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UK government intervenes in Nvidia takeover of chip designer Arm

The UK government is to examine the sale of computer chip designer Arm Holdings to a US company on national security grounds.

Japan's SoftBank intended to sell the UK tech company to Nvidia for about $40bn (£29.5bn).

But Digital Secretary Oliver Dowden said he wanted the UK's competition watchdog to assess its implications.

"Following careful consideration of the proposed takeover, I have today issued an intervention notice," he said.

"As a next step and to help me gather the relevant information, the UK's independent competition authority will now prepare a report on the implications of the transaction, which will help inform any further decisions."

Arm's technology is at the heart of most smartphones and smart devices worldwide.

But there were concerns when the Cambridge-based designer - which licenses its tech to the likes of Apple, Samsung and Huawei - accepted the offer from Nvidia, a US graphics chip specialist.

In January, the Competition and Markets Authority (CMA) announced it was looking into the deal amid worries it could lead Arm to withdraw, raise prices or reduce the quality of its services to Nvidia's rivals.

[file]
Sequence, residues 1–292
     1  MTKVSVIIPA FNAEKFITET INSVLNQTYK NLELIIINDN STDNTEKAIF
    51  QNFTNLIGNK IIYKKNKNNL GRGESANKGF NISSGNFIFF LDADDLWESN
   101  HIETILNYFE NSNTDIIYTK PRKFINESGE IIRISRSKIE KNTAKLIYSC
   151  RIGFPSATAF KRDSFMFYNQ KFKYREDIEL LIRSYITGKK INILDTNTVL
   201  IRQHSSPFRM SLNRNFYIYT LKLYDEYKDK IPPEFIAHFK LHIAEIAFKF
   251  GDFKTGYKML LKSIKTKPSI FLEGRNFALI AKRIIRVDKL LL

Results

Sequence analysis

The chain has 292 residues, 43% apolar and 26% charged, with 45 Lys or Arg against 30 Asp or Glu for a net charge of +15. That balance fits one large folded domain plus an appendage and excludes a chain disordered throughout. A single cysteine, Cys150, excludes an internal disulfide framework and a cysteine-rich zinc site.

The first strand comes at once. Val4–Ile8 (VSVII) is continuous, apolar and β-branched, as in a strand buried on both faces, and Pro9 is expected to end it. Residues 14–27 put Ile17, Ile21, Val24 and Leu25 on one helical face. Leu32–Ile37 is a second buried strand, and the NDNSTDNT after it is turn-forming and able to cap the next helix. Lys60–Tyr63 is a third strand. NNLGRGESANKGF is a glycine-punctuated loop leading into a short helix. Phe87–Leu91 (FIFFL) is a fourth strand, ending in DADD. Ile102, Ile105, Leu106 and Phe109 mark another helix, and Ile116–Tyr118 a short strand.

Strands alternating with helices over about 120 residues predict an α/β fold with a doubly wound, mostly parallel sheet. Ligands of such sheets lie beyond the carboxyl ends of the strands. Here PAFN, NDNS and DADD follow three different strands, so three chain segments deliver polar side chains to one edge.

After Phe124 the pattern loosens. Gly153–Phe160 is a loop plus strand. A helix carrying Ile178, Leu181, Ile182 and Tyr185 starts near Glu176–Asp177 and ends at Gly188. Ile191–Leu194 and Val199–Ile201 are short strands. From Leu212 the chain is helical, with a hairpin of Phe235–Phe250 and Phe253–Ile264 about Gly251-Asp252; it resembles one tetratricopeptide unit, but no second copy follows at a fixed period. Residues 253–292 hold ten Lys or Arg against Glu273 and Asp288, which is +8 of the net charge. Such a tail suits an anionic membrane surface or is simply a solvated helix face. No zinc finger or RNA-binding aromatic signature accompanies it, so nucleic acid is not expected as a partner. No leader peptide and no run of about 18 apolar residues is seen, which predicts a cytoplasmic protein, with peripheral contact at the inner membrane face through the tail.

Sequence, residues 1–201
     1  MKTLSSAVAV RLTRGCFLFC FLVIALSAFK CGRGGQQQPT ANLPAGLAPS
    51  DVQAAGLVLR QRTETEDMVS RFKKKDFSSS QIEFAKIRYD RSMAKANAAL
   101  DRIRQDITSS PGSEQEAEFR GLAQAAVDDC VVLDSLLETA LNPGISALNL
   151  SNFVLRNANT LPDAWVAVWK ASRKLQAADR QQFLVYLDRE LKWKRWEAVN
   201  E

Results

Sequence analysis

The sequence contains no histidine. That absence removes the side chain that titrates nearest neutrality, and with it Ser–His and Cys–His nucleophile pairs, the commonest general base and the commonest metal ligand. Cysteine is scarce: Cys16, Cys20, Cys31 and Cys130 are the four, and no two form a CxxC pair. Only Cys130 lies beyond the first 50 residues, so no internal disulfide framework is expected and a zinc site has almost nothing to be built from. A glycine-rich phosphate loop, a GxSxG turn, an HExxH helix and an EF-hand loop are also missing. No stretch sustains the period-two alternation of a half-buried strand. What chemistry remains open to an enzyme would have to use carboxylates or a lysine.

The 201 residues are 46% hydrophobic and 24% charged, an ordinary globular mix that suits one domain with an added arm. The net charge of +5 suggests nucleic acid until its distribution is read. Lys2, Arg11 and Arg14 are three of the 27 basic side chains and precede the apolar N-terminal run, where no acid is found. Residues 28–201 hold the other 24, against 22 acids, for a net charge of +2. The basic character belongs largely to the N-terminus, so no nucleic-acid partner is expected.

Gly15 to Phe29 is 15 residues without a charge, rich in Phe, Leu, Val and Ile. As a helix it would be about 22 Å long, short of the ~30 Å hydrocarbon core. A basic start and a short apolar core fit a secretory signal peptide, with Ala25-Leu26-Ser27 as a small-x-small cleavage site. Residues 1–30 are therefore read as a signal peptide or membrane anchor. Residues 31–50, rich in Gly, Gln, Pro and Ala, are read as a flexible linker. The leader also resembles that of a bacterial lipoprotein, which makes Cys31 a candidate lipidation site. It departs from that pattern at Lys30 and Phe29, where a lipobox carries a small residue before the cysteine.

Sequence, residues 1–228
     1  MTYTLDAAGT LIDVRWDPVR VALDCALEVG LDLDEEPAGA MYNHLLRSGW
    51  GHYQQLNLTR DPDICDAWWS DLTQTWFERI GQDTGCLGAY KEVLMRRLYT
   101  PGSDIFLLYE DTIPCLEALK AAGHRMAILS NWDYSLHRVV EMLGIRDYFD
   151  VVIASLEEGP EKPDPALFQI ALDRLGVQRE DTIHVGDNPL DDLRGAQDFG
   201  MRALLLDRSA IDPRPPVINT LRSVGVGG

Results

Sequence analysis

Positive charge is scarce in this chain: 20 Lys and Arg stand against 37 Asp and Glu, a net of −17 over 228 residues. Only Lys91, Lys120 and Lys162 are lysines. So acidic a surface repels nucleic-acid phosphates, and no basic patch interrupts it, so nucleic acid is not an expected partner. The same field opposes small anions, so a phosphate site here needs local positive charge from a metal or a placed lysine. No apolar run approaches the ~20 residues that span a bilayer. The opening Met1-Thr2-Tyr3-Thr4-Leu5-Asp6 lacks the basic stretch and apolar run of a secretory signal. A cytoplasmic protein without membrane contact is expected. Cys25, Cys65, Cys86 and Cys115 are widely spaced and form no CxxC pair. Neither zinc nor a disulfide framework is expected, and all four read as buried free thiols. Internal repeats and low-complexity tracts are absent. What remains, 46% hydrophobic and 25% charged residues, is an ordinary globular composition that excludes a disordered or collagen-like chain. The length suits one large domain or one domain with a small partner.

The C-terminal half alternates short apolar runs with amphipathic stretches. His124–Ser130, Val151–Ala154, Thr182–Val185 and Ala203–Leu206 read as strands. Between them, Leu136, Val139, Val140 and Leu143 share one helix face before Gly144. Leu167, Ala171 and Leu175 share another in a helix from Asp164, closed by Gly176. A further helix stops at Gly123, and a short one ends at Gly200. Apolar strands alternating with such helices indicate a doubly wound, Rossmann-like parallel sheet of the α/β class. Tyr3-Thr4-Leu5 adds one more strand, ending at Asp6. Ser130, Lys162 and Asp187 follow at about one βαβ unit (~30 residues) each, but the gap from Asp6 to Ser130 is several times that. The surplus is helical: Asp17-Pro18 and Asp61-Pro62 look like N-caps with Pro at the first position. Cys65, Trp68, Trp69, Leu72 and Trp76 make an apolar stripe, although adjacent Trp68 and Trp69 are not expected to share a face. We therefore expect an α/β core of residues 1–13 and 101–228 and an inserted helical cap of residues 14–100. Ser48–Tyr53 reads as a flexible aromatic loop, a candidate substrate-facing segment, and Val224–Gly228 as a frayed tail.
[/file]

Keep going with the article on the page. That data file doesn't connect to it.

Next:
Mr Dowden has now ordered it to begin a "phase one" investigation, which will decide whether a full "phase two" investigation is needed that could lead to the deal being blocked.

A spokesperson for Nvidia said: "We do not believe that this transaction poses any material national security issues.

"We will continue to work closely with the British authorities, as we have done since the announcement of this deal."

'Premier computing company'

Last year, more than 2,000 business leaders signed an open letter calling on the prime minister to stop the merger, saying UK jobs and influence could be lost.

Nvidia has promised to keep Arm based in the UK, to hire more staff, and to retain its brand.

It said that the deal would create "the premier computing company for the age of artificial intelligence".

Nvidia could face barriers from other regulators around the world.

China, in particular, has already made clear that it is not happy about a deal which gives so much power to an American giant at a time when the US has sought to deny Chinese firms access to chip technology.

The CMA will have until 30 July to submit its findings to the digital secretary.




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